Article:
URSULA K Le Guin is one of the founders of modern fantasy fiction; she's what could be called the 'godmother' of the genre.
Born in 1929, she is definitely an elder stateswoman and since the 1960s has written everything from poetry and children's books to elaborate series of fantasy and science fiction.
According to that modern source of all truth – Wikipedia – Le Guin has won five Hugo awards, five Nebula awards, 18 Locus awards (more than any other author), a National Book Award for Children's Books, the Gandalf Grand Master award and the Science Fiction and Fantasy Writers of America Grand Master Award... whew!
She has written at least 63 books, yes, 63, and translated another three books. Le Guin has also written numerous short stories that were published in the pulp sci-fi magazines of the 50s and have since been lost.
Her most recent novel, Lavinia, is somewhat more realistic in that it's set on this planet and in our real history – well, as real as the origins of Rome can be given that what we know now is based largely on creative works written by the Ancient Greeks.
It is this historiosity, actually, that makes Lavinia a more difficult read than many of Le Guin's pervious works. Loosely based on the famous poem, The Aeneid by Virgil, Lavinia is the Roman maiden who marries Aeneas and so founds the Roman Empire.
The rather literary opening chapters sets the novel up with a poetical feel, however, it drops rather quickly into a blow-by-blow depiction of everyday life in ancient Latium with descriptions of household chores and worship.
Although this appears rather jarring at first, Lavinia is clearly defined as being more than the 'blushing maid on the edge of womanhood' that is her only description in Virgil's poem.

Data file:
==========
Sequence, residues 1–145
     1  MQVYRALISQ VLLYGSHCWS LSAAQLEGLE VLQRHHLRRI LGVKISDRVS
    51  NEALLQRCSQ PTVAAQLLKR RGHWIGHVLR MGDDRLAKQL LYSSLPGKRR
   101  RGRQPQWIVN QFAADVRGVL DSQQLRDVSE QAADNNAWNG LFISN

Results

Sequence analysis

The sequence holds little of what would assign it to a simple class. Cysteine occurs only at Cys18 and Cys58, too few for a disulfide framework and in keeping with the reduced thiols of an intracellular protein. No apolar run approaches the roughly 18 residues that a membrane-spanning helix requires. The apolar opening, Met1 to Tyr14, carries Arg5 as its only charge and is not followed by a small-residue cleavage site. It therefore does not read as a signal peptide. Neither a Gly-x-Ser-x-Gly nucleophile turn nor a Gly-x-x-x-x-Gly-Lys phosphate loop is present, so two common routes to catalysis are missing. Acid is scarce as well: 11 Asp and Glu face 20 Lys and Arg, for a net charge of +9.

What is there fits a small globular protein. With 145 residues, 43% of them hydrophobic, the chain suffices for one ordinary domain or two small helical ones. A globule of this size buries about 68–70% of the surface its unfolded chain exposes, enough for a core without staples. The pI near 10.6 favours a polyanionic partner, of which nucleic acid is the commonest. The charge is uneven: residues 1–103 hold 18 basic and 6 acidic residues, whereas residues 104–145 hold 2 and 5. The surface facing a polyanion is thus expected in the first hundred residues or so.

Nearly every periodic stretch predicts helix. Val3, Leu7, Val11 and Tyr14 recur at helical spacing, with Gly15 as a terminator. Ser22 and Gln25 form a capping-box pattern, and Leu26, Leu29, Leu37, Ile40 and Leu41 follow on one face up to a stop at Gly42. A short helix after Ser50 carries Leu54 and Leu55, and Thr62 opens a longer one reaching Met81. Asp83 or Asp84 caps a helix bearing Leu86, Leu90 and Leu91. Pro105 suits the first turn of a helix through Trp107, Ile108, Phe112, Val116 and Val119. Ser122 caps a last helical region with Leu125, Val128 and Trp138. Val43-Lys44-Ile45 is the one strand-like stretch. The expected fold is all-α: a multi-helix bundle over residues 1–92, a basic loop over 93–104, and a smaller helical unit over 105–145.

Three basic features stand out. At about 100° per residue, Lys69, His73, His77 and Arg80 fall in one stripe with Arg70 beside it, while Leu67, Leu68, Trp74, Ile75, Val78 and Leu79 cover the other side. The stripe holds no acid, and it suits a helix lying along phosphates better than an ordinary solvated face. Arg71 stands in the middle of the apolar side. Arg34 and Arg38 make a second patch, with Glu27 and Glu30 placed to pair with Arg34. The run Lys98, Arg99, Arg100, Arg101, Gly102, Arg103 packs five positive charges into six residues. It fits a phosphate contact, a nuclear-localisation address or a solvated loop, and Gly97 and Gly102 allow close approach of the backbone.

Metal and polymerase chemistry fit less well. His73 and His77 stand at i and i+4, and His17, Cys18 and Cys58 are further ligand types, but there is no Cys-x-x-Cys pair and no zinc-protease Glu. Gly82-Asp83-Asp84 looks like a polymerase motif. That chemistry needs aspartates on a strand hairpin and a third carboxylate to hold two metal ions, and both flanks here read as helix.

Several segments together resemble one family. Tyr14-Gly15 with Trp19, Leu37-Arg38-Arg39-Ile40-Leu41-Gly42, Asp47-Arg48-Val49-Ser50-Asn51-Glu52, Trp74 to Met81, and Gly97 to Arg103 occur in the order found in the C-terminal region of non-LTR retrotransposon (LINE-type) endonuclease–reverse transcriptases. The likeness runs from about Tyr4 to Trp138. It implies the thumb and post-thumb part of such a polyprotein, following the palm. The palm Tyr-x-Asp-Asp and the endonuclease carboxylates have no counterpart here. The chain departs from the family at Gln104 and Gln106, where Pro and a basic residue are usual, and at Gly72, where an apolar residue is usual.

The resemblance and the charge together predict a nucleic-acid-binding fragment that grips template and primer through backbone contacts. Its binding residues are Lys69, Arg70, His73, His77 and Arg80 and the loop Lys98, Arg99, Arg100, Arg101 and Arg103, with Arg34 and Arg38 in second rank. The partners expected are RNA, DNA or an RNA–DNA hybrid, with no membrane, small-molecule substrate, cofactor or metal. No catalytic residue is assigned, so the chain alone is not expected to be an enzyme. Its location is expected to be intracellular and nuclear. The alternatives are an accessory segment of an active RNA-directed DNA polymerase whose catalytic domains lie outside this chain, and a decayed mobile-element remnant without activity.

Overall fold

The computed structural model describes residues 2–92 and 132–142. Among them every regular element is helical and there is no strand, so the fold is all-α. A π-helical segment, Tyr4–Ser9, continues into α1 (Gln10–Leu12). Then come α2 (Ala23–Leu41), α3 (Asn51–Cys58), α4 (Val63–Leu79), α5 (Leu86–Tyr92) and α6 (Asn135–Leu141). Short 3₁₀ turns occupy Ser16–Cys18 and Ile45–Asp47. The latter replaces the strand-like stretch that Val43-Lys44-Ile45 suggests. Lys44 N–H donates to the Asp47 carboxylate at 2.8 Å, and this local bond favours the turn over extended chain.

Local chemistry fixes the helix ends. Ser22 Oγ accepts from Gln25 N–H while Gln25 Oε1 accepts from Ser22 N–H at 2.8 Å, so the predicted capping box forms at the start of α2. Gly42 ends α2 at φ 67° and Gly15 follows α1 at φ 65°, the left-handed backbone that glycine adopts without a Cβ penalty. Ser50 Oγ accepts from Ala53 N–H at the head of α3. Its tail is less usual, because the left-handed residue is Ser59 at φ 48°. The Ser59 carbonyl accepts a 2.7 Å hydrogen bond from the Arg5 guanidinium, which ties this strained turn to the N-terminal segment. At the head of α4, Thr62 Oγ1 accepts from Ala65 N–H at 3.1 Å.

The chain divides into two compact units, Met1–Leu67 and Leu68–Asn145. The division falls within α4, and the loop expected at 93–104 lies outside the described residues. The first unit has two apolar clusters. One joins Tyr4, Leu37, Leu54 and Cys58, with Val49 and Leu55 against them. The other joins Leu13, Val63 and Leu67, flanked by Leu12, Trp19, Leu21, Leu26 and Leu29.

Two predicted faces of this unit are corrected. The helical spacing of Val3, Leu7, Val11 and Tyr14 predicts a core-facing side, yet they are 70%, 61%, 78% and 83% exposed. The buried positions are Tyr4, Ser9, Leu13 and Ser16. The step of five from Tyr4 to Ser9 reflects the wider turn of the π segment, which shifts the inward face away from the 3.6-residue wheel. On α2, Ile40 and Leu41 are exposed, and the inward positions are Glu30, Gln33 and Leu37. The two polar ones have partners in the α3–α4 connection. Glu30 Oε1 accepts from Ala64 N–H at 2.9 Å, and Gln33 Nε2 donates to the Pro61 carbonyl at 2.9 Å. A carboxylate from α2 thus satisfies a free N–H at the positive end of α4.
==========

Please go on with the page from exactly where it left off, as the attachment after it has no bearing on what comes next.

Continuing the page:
This is clearly Le Guin's aim – to flesh out one of the few women in The Aeneid and one of the more important, considering its was down to her bloodline that the glory of Roman depended on.
While Lavinia isn't easily recognisable as a feminist icon, her strength of character and adaptability lends itself to such a title.
Around Lavinia, Le Guin has placed a number of other interesting characters. While they may, or may not, be entirely historically accurate, depictions of Lavinia's mad mother, honourable father and loyal retainers flesh out the story.
Lavinia, a good daughter, acts as semi-priestess to her father's priestly roles as King of Latium. She has visions and reads omens, and really, it's only these tendencies that move the novel in the realm of fantasy – Lavinia, the novel, is more historical fiction than fantasy or sci-fi.
Fans looking for the magic and mystery of Le Guin's earlier works may find Lavinia a touch staid. There is a fair bit of emotion mixed in with the history but it is somewhat distant from the action.
Knowing Lavinia's eventual fate too, takes some of the suspense from the plot – after all, we know who she's going to marry from the get go.
However, this is a finely written piece of prose which illuminates a historical character – a woman – from a period that's traditionally been dominated by swashbuckling men like Caesar.
Le Guin has been nominated for yet another Locus Fantasy award for Lavinia, and it's more than like that this Grande dame of speculative fiction will win it: For her not to, would be a travesty.
Lavinia by Ursula Le Guin is published by Gollancz and is available from good book stores and online.